Lydia Fletcher (she/her) is the Physical and Mathematical Sciences Librarian at the University of Texas at Austin, providing research support for several STEM departments. She is passionate about all aspects of the Open Movement, particularly supporting campus adoption of Open Education Resources and Open Practices.
Traditional library outreach usually focuses on getting folks to come to the library to hear what we think they need to know. Although some events using this approach can be successful, others are minimally attended - if anyone shows up at all. Prompted by some lunchtime conversations, our science librarians decided to let our curiosity about some of the specialized labs and other interesting places on campus lead us to scheduling unstructured field trips. Our visits focused on learning about our hosts, what they do, and ways we might support their efforts.
Ellen Lutz is the Health Sciences Librarian at the University of Massachusetts Amherst. I work with the College of Nursing and all departments in the School of Public Health and Health Sciences. I enjoy interacting with students and faculty through instruction sessions, consultations, and various other types of outreach.
As interdisciplinary collaborations grow in popularity within the university research landscape, libraries need to rethink their current consultation modalities to better serve the needs of these diverse STEM and STEAM teams. The University of Miami Libraries recently launched a new “Research Sprint” consultation model that allows research teams to partner with a group of library experts to foster engaging collaborations that advance interdisciplinary research around a specific project objective or deliverable. This lightning talk gives an overview of the planning, implementation, and assessment of our inaugural Research Sprint. Lessons learned and future directions will also be presented. Participants will hopefully come away from this talk feeling inspired to explore similar consultation models at their own institutions. Audience feedback, suggestions, and questions are welcome.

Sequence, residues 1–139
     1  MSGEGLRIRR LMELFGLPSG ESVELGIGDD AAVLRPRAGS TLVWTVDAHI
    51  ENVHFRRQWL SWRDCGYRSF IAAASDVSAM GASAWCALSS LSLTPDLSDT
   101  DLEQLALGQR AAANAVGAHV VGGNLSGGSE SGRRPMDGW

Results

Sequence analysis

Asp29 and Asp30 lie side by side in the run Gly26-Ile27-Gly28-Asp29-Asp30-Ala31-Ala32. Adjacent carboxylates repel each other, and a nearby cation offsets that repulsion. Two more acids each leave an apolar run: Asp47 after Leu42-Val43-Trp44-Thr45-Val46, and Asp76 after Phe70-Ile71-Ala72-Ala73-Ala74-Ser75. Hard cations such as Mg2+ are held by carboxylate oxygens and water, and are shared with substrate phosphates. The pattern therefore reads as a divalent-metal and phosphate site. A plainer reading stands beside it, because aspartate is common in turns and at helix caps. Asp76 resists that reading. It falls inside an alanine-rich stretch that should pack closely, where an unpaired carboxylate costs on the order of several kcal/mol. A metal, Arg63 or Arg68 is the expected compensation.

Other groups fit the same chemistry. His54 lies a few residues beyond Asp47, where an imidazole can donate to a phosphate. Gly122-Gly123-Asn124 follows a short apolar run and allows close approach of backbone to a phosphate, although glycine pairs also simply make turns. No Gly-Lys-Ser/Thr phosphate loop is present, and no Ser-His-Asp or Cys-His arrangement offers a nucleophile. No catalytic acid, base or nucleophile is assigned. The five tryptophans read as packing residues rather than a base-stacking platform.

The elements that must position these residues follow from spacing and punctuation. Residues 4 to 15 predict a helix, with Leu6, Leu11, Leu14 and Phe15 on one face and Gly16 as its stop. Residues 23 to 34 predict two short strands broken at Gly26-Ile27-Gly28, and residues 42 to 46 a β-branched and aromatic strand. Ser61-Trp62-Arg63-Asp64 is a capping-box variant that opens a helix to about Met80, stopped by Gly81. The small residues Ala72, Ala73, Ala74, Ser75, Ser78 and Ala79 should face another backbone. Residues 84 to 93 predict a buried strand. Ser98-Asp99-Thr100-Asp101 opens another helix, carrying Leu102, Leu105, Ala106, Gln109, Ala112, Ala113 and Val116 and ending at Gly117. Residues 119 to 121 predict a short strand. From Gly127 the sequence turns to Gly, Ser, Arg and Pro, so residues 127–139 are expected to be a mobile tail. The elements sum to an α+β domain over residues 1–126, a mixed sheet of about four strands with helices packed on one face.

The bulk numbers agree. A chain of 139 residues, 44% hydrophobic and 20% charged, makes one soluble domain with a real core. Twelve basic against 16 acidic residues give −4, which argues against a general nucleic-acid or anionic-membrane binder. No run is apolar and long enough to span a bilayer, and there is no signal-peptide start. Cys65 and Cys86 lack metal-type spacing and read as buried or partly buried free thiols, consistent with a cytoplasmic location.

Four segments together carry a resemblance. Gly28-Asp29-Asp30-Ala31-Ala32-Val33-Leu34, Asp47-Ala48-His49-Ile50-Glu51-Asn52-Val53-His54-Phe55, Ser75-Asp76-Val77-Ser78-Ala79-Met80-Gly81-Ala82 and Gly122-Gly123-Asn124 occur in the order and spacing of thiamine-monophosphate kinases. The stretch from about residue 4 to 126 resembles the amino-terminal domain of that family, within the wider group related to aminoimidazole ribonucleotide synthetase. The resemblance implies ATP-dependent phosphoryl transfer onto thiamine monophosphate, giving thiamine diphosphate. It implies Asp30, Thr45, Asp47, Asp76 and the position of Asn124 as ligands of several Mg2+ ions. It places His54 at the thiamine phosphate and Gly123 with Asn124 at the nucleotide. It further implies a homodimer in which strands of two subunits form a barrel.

James Sobczak is the STEM librarian at the University of Miami. Since joining the UM Libraries in the fall of 2018, his interests have focused on advancing information and critical literacy skills within the design and science disciplines to create a more holistic pedagogy, i.e. transforming STEM into STEAM.
STEM librarians who work with undergraduate research often find themselves providing ad-hoc support: a workshop here, a lecture there. Because of time and resource constraints, it’s difficult to reach every student involved in research. To solve this problem NC State University Libraries created online, self-paced research skills learning modules. After launching in Spring 2021 the modules have been adopted and used in many departments across campus. Topics in this presentation include how campus stakeholders were involved, the process of designing and implementing the modules, the feedback that was received, and future plans for the program.
Kristy Borda is a Research Librarian for Sciences, Engineering, and Biotechnology at NC State University Libraries. With a background in the life and social sciences, she enjoys supporting interdisciplinary STEM researchers and students. She’s particularly passionate about information literacy instruction, student success, and building collaborations across campus.